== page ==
Delahaye automobiles were hand-built sheetmetal masterpieces.
When it comes to "classic luxury" makes, how many do you know? Most people could come up with Cadillac, Rolls-Royce, Bentley and maybe Duesenberg.
There were dozens of others, however, and among the pioneering automobile companies of the late 19th and early 20th centuries, the Delahaye name is barely recognized.
When considering the sleekest and most desirable cars ever built, collectors and fans of classic cars regard Delahayes as some of the finest.
It's easy to see why. One glance at the 1947 175S model (featured here) and you know you're in the presence of something very special. It and others constructed throughout the so-called Golden Age that existed from the late 1920s to the beginning of the 1950s catered to buyers possessing extreme wealth, an audience that included most of the crowned heads of Europe plus assorted industrialists, moguls and movie stars. This group became particularly enamored, not only with the Delahaye (pronounced Del-uh-eye) marque, but with the custom coach builders who could sculpt chrome and sheetmetal masterpieces. Interestingly, these artisans helped the company survive long past its prime.
The company acquired its name, but very little of its impressive heritage, from Emile Delahaye, a mechanical engineer by trade. He began by making steam-powered equipment in Tours, France, in the 1880s, but soon switched to working on gasoline engines designed for use in ships as well as automobiles.
To prove their worth, Delahaye began competing in long-distance endurance races, winning several throughout Europe during the 1890s. Racing would become the cornerstone of Delahaye automobile development, but ill health forced the company's founder to sell his business.
Under new ownership, Delahaye relocated to Paris in 1898 where it flourished as a supplier of cars, trucks, firefighting equipment and agricultural machinery. Racing, both on land and in the water, also became a passion for the Morane family, Delahaye's new owner.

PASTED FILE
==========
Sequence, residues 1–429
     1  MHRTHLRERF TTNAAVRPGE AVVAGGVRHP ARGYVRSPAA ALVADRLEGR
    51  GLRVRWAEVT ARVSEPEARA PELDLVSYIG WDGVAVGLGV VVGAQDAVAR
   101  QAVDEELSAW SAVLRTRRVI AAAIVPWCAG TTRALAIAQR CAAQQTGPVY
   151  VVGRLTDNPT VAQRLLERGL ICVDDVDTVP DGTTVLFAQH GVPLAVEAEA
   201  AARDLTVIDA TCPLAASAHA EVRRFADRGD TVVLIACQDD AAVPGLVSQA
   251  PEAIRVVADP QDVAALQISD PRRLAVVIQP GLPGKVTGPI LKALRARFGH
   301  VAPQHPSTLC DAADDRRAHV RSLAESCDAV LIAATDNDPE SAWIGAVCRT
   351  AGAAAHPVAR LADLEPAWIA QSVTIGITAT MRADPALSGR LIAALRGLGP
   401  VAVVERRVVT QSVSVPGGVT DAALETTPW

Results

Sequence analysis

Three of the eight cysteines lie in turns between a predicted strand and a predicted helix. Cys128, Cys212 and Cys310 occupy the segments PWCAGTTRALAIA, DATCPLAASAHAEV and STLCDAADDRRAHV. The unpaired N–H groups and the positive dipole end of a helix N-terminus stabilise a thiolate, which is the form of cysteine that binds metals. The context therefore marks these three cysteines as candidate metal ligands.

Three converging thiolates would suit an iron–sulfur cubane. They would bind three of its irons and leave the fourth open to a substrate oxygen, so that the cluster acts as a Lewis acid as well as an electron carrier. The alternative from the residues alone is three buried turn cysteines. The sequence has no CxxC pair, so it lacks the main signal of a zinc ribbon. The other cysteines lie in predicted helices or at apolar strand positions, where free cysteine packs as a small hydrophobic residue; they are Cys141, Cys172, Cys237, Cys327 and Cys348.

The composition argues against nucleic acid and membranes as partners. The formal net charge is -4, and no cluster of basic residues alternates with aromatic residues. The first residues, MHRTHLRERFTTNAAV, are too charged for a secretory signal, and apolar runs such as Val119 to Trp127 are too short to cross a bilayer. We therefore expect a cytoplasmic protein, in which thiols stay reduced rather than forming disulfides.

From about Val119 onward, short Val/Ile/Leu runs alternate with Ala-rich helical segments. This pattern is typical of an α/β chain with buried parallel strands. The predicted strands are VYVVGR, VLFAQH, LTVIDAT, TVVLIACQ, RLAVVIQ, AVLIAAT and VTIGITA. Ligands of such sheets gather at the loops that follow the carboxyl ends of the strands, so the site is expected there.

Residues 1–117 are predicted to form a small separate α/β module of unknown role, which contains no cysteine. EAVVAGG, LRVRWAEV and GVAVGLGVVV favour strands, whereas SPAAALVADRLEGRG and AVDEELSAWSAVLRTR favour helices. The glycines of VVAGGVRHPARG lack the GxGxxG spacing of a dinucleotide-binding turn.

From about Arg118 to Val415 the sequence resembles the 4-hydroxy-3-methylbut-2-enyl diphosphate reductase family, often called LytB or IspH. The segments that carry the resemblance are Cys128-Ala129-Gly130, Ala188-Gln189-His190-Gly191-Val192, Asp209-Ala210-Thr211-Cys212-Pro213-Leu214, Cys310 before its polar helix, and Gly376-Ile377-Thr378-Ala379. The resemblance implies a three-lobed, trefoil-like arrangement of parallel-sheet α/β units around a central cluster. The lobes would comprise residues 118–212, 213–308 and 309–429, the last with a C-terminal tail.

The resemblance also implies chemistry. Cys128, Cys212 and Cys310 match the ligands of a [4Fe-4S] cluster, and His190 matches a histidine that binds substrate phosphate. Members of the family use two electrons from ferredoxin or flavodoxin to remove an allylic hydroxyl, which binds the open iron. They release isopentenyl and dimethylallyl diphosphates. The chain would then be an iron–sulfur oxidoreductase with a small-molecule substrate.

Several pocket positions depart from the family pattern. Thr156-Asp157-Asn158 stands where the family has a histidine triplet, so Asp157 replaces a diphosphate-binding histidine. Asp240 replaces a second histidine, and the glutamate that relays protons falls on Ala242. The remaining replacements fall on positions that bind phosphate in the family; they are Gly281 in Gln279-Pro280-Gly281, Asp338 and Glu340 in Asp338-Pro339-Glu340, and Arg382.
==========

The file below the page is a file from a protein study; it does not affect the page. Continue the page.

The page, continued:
As the company's reputation for power and reliability grew, so did the business. However, by the 1920s, Renault and Citron, which had perfected mass-production techniques, were outselling Delahaye, which was still building cars by hand.
Rather than switch to more efficient methods, Delahaye focused on catering to the needs of more upscale clientele who demanded plenty of horsepower as well as the latest in modern conveniences, all wrapped up in a stylish and sophisticated design.
Fortunately, Delahaye's truck power plants proved ideal for its new-age model, the 1934 Type 135. Available in a variety of coupe, sedan and convertible layouts, these rolling fashion statements were a hit with the well-heeled and also formed the basis for some of the most flamboyant body creations ever seen. Figoni and Falashi, a popular coach constructor of that era, turned numerous Type 135 models into stunning works of art, with accentuated teardrop fenders and skirts that covered all four wheel openings. The cars looked as if they were floating over the pavement.
Cruella De Vil's ride in the Walt Disney movie "101 Dalmatians" is loosely based on the Type 135.
Delahayes also performed admirably in competition, taking first, second and fourth place at the 1938 Le Mans (France) 24-hour endurance race. A specially prepared 4.5-liter, 12-cylinder-engine version also managed to beat the much better financed German Mercedes-Benz and Auto Union race teams at one of the Grand Prix (Formula One) events that year.
Production halted during World War II (1939-1945), but Delahaye resumed business afterward, albeit at a much slower pace. Perhaps surprisingly, custom bodies were still the order of the day, and the 175S, with its 12-cylinder engine, semi-automatic transmission and thickly padded leather upholstery, was a prime example of postwar opulence. Other more conservative styles were used in competition, especially on the European rally circuit where the car gained much notoriety.
As classy and quick as the 175 was, automobiles such as the Delahaye were falling out of favor with the public. The rapidly escalating expense of commissioning a separate custom body for each car meant owners had to wait months for their machine to be completed. In the meantime, Rolls-Royce, Bentley, Mercedes-Benz, Jaguar and others were capturing the carriage trade in ever-increasing numbers.
After 60 years in business, Delahaye was sold to Hotchkiss in 1954 and automobile production was canceled shortly thereafter.
Today, the few remaining Delahayes take the spotlight at automobile events such as the annual Pebble Beach (California) Concours d'Elegance auto show, where their multimillionaire owners lovingly tend to their every body panel, leather seat covering and wire-wheel spoke.
As highly coveted pieces of automotive art and a tribute to a bygone era of one-off construction, they deserve at least that much attention.
* Malcolm Gunn can be reached at www.theoctanelounge.com by using the contact link.